Let’s say the Holiday table has a many-to-one relationship to an Employee table, and we want to retrieve the employee’s name for display in our UI. Our Holiday entity has an Employee nav property and the Employee a corresponding ICollection, so by loading the holiday entity we’ve actually hooked into an object graph. If we access the Employee property getter, we’ve not actually loaded the corresponding table row into memory yet, so EF has to generate and send another query, and then the getter returns the newly loaded entity. Note that this second database call was not explicity in our code - the property getter had a black box behaviour to lazy load the Employee entity, and each subsequent time accessed (over the lifetime of the DbContext) it will return the same in-memory instance.

Expanding on this, it’s likely we’ll want to display more than one holiday at a time in a list view, so let’s start by loading all of them:

var holidays = _context.Holidays.ToList();

This is just the previous SQL statement without the filter, so we’re loading all of the columns for more than one row now. Again, let’s say we want to display the name of the associated employee for each item in a display. We can just iterate through each holiday and interrogate the Employee property of each to extract the name. This works as before, and there’s actually a hidden efficiency as any time we come across a holiday belonging to an Employee we have already loaded, the DbContext knows that Employee is in memory and links up the navigation property to the same instance. The issue with this is that the number of database requests now scales with the number of holiday records we load. As our database grows, the performance of this code is only going to get worse. This is the “N+1 Problem” - loading all the data we want takes the initial (1) load, plus another N loads (where N is the number of rows loaded).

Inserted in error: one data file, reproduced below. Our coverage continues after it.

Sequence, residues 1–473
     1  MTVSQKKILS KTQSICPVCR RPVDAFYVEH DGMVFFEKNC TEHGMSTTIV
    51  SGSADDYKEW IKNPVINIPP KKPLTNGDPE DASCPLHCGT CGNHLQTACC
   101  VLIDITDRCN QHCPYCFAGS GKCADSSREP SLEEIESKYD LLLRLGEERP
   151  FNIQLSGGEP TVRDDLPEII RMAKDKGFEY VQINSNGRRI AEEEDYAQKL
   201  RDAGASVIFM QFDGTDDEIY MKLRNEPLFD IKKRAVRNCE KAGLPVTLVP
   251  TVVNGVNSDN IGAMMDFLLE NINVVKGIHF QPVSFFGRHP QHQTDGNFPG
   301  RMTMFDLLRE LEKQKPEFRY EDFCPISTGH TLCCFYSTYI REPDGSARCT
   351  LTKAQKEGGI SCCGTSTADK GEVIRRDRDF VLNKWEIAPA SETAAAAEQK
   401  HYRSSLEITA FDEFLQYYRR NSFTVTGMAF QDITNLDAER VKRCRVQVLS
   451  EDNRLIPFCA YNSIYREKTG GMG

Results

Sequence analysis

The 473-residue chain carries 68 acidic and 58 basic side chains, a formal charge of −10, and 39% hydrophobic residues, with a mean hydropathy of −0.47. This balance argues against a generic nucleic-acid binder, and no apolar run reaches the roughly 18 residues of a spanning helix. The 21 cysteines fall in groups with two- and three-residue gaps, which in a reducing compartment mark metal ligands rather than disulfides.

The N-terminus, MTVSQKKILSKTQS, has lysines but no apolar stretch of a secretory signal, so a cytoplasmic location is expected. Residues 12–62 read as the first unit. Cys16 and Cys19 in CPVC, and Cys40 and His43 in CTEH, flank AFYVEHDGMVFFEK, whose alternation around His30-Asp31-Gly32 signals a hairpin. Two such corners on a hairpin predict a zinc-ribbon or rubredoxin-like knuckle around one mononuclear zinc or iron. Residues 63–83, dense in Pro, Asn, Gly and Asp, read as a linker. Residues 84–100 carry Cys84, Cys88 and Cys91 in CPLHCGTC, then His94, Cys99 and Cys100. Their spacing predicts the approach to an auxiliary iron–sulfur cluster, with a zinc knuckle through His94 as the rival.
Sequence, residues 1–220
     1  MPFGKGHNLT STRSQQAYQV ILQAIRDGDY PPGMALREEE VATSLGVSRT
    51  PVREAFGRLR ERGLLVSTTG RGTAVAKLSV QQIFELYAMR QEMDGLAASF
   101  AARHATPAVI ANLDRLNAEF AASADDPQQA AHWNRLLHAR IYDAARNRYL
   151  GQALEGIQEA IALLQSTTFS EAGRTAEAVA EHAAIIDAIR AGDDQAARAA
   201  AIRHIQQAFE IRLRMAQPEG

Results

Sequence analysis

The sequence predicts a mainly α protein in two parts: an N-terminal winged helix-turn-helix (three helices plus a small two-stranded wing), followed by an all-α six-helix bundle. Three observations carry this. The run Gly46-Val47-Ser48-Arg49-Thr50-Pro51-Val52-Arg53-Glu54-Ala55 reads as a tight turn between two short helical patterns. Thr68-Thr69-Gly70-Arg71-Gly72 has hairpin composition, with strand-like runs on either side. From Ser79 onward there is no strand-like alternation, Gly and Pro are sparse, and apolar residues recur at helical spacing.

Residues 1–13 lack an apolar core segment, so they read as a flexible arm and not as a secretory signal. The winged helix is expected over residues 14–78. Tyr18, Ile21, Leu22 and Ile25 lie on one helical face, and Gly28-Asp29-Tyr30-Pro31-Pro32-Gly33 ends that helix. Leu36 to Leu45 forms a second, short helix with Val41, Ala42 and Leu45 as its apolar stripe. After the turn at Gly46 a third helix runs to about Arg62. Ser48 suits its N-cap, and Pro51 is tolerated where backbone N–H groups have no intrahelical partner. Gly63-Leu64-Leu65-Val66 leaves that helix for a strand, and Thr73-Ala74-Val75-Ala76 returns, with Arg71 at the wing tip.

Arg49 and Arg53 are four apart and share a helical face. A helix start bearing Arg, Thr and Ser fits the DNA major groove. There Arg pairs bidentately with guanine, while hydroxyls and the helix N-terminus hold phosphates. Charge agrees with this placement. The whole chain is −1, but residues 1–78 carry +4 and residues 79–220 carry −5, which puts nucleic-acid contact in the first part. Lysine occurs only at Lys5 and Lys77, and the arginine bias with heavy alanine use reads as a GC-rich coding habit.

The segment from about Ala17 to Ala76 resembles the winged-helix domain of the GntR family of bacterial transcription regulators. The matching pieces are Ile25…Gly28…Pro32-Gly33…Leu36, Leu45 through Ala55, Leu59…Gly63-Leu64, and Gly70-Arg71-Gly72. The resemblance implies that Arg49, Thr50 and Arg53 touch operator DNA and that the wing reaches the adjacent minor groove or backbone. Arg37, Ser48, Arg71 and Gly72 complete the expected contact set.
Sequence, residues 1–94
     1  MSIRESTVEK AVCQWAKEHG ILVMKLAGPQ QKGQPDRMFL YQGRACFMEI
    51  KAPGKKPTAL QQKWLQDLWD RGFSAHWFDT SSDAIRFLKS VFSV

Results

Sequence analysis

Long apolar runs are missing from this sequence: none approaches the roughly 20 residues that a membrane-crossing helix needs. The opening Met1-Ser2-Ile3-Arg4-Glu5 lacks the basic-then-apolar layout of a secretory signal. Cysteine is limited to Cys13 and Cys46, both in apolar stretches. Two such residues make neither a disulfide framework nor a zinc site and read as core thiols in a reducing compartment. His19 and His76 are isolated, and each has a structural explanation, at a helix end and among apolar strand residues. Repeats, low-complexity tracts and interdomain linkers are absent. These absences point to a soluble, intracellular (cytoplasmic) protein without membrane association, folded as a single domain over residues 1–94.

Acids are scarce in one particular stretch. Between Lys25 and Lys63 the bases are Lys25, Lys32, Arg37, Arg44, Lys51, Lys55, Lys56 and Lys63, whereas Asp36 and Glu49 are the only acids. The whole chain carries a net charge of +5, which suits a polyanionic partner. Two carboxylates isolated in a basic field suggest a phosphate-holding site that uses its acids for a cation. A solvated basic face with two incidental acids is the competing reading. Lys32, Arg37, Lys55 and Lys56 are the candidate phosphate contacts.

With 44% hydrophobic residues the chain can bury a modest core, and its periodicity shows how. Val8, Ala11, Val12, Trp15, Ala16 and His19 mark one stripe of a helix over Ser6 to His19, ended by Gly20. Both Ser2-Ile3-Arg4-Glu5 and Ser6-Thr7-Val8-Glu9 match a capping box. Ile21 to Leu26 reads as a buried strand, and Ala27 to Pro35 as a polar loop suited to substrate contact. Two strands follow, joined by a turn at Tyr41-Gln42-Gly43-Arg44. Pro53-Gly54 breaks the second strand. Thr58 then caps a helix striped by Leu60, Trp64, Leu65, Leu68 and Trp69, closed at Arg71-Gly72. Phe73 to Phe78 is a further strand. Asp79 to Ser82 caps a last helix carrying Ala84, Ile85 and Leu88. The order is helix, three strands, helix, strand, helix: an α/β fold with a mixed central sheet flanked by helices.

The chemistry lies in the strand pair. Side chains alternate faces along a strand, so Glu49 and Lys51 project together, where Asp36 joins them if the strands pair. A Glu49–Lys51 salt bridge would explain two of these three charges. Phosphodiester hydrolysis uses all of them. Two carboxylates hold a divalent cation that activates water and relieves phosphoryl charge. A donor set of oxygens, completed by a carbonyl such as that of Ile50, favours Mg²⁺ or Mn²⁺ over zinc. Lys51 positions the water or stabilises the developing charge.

Solutions to the N+1 problem

The N+1 Problem is a very well-known concern in application development, and so people have developed a number of ways to counter it. There is no one silver bullet that is the best solution in every situation, so it pays for us to be aware of our options so we can take them into account for any specific situation. If we boil the problem down to its essence, we want to load a number of Employee records associated with our Holiday data set, so how about we explicitly retrieve all of those employees as a second query. We want to move away from loading entire tables, so let’s try just loading the employee entities we require:

var employeeIds = holidays.Select(x => x.EmployeeId).Distinct();
var employees = _context.Employee.Where(x => userIds.Contains(x.EmployeeId));

“Contains” here is an extension method on IEnumerable that Linq-to-Entities is aware of, and EF knows to map this filter lambda to something more like this:

FROM Employee
WHERE Id IN (4, 7, 9)

So now we have an employee set in memory, it’s trivial to put the names we want into the display. We could simply search this in-memory set by each employee id as we need them, but it’s interesting to note that each of these entities is now loaded into and managed by the DbContext. If we iterate through our holiday collection now and access each Employee property, the lazy loading logic will check within the context and find that each Employee is now already loaded, so we actually don’t need to change our display code from before at all. If we’re no longer using the employees variable to access the loaded employee set, we can actually remove it entirely, apparantly throwing the result of the .Where operation away. Of course, we are relying on implicit behaviour here, so our happiness about this may vary with our stomach for that sort of thing.